11 The Office of Policy and Evaluation carries out the Board's statutory responsibility to conduct special studies of the civil service and other merit systems, including an annual oversight review of the Office of Personnel Management. Reports of these studies are submitted to the President and the Congress, as required by law. The Office of Management Analysis develops and coordinates internal management programs and projects. The office also producesthe Board's annual report to the President and the Congress, the annual report on the Board's decisions in appellate and original jurisdiction cases, and public information publications. The Office of Administration manages the Board's administrative operations. It is made up of four divisions: The Financial and Administrative Management Division administers the budget, accounting, procurement, property management, physical security, and general services functions of the Board. The Personnel Division manages personnel programs and assists managers, employees, and applicants for employment. It administers staffing, classification, employee relations, performance management, payroll, personnel security, and training functions. The Equal Employment Division implements the Board's equal employment opportunity programs, including developing annual EEO action plans and procedures for processing discrimination complaints. It furnishes advice and assistance on affirmative action initiatives to the Board's offices. The Information Resources Management Division develops, implements, and maintains the Board's automated information systems in order to help the Board manage its caseload efficiently and carry out it administrative responsibilities. The Office of the Inspector General is the Board's internal auditor. The independent Inspector General plans and directs audits, investigations, and internal control evaluations in compliance with the requirements of the Office of Management and Budget and the U.S. General Accounting Office. The Inspector General evaluates the programs and operations of the Board in order to promote economy and efficiency, to prevent and detect fraud and abuse, and to advise the Chairman and Executive Director of any problems and deficiencies detected. The Inspector General reports directly to the Executive Director.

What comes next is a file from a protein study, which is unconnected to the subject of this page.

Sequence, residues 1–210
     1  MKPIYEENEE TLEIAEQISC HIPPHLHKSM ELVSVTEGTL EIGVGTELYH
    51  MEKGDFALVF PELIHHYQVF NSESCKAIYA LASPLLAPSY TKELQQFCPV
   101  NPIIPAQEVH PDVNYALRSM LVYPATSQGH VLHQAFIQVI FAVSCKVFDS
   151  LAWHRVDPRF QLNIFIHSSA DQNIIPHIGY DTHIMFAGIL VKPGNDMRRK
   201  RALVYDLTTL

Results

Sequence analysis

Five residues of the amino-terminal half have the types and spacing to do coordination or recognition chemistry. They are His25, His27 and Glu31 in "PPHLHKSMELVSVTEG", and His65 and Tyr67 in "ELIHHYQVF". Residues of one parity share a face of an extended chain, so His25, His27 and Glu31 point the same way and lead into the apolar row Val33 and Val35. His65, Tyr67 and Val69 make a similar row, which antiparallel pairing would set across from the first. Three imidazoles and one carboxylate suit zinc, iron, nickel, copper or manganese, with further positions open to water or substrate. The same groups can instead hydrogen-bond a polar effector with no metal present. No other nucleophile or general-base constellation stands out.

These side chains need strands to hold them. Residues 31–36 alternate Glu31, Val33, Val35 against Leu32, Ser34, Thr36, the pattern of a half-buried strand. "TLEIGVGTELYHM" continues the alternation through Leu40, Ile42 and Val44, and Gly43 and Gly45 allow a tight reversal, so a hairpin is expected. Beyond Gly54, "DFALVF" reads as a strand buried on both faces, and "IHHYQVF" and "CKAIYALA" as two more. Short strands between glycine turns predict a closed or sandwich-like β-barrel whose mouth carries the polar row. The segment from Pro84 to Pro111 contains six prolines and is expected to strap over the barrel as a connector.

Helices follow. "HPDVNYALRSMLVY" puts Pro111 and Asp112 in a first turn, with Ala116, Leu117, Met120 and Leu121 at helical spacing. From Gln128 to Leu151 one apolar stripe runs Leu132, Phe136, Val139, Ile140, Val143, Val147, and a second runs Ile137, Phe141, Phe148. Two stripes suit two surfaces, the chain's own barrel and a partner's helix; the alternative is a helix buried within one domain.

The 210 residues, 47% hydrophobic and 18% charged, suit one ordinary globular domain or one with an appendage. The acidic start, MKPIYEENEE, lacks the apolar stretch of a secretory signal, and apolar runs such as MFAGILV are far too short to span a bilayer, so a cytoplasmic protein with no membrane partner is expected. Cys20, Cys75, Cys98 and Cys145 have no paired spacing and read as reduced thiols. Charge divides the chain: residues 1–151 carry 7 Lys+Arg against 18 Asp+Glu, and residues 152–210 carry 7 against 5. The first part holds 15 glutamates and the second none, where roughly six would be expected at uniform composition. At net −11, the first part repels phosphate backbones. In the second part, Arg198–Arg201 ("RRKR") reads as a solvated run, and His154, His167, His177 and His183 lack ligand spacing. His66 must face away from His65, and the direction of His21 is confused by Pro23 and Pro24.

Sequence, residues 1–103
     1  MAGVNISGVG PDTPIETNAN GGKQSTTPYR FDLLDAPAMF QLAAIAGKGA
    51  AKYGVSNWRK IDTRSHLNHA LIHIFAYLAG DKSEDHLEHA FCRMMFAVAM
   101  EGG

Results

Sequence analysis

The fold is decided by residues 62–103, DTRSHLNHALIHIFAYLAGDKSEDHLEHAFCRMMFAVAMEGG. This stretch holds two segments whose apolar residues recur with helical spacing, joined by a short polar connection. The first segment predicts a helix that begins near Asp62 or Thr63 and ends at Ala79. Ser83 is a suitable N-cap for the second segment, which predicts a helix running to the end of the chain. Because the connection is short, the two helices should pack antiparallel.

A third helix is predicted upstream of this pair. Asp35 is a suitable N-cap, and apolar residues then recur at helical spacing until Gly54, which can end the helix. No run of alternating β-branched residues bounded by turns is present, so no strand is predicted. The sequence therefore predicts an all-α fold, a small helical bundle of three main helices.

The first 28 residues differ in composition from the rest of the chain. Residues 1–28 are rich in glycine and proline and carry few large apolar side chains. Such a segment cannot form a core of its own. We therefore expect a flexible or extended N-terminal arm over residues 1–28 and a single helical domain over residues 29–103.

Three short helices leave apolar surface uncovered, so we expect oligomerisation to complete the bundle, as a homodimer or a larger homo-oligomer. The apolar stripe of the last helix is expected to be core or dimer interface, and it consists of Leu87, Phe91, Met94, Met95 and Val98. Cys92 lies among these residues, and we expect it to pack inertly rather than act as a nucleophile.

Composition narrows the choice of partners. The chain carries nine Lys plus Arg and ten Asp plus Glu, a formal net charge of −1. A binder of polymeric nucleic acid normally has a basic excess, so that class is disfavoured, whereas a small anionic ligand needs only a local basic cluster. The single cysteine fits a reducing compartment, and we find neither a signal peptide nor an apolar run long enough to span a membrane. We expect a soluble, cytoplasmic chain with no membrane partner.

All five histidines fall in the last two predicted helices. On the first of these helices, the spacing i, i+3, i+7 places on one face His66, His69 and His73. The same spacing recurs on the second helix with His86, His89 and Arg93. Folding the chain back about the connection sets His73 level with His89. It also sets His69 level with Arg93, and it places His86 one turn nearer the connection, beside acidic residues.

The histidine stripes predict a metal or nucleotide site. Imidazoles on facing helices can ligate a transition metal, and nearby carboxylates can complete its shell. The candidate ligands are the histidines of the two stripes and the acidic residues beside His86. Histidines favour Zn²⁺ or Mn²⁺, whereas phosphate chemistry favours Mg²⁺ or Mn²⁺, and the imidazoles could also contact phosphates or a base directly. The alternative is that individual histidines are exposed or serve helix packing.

12 Mark Kelleher R.J. Payne William Carroll Martin W. Director of Atlanta Boston Baumgaertner Re g ional Operations Chicago Paula A. Latshaw Gail E. Skaggs Sean P. Walsh Lonnie Crawford Dallas Denver New York Philadelphia Earl A. Witten Denis Marachi Carl Berkenwald P.J. Winzer St. Louis San Francisco Seattle Washington, DC

13 Atlanta Regional Office Alabama, Florida, Georgia, Mississippi, North Carolina, and Sout Carolina Boston Regional Office Connecticut, Maine, Massachusetts, New Hampshire, Rhode Island, and Vermont Chicago Regional Office Illinois, Indiana, Michigan, Minnesota Ohio, and Wisconsin Dallas Regional Office Arkansas, Louisiana, Oklahoma, and Texas Denver Regional Office Arizona, Colorado, Kansas, Montana, Nebraska, Nevada, New Mexico, North Dakota, South Dakota, Utah, and Wyoming New York Regional Office New York, Puerto Rico, Virgin Islands, and the following counties in New Jersey: Bergen, Essex, Hudson, Hunterd on, Morris, Passaic, Somerset, Sussex, Union, and Warren Philadelphia Regional Office Delaware, Pennsylvania, Virginia (except cities and counties served by Washington Regional Office - see below), West Virginia, and the following counties in New Jersey: Atlantic, Burlington, Camden, Cape May, Cumberland, Gloucester, Mercer, Middlesex, Monmouth, Ocean, and Salem St. Louis Regional Office Iowa, Kentucky, Missouri, and Tennessee San Francisco Regional Office California Seattle Regional Office Alaska, Hawaii, Idaho, Oregon, Washington, and Pacific overseas areas Washington Regional Office Washington, DC, Maryland, all overseas areas not otherwise covered, and the following cities and counties in Virginia: Alexandria, Arlington, Fairfax City, Fairfax County, Falls Church, Loudoun, and Prince William